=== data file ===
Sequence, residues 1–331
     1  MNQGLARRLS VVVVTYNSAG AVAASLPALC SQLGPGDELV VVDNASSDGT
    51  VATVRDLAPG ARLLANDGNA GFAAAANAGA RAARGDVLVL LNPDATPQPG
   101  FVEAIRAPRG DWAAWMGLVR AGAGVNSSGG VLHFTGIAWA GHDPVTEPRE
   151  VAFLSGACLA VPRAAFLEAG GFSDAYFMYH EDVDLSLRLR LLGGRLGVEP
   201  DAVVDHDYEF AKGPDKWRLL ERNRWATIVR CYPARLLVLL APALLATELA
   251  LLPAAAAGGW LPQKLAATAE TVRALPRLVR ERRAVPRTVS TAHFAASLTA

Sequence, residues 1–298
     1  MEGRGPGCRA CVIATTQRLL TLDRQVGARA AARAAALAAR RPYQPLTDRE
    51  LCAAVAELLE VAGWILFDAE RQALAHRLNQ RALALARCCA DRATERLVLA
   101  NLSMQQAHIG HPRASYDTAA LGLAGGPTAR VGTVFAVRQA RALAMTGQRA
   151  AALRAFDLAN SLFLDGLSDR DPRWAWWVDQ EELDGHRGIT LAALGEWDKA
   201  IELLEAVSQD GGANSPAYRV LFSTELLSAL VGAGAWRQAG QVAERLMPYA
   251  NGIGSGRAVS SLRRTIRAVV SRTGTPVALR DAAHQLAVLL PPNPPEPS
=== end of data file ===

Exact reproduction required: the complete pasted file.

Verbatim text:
Sequence, residues 1–331
     1  MNQGLARRLS VVVVTYNSAG AVAASLPALC SQLGPGDELV VVDNASSDGT
    51  VATVRDLAPG ARLLANDGNA GFAAAANAGA RAARGDVLVL LNPDATPQPG
   101  FVEAIRAPRG DWAAWMGLVR AGAGVNSSGG VLHFTGIAWA GHDPVTEPRE
   151  VAFLSGACLA VPRAAFLEAG GFSDAYFMYH EDVDLSLRLR LLGGRLGVEP
   201  DAVVDHDYEF AKGPDKWRLL ERNRWATIVR CYPARLLVLL APALLATELA
   251  LLPAAAAGGW LPQKLAATAE TVRALPRLVR ERRAVPRTVS TAHFAASLTA

Sequence, residues 1–298
     1  MEGRGPGCRA CVIATTQRLL TLDRQVGARA AARAAALAAR RPYQPLTDRE
    51  LCAAVAELLE VAGWILFDAE RQALAHRLNQ RALALARCCA DRATERLVLA
   101  NLSMQQAHIG HPRASYDTAA LGLAGGPTAR VGTVFAVRQA RALAMTGQRA
   151  AALRAFDLAN SLFLDGLSDR DPRWAWWVDQ EELDGHRGIT LAALGEWDKA
   201  IELLEAVSQD GGANSPAYRV LFSTELLSAL VGAGAWRQAG QVAERLMPYA
   251  NGIGSGRAVS SLRRTIRAVV SRTGTPVALR DAAHQLAVLL PPNPPEPS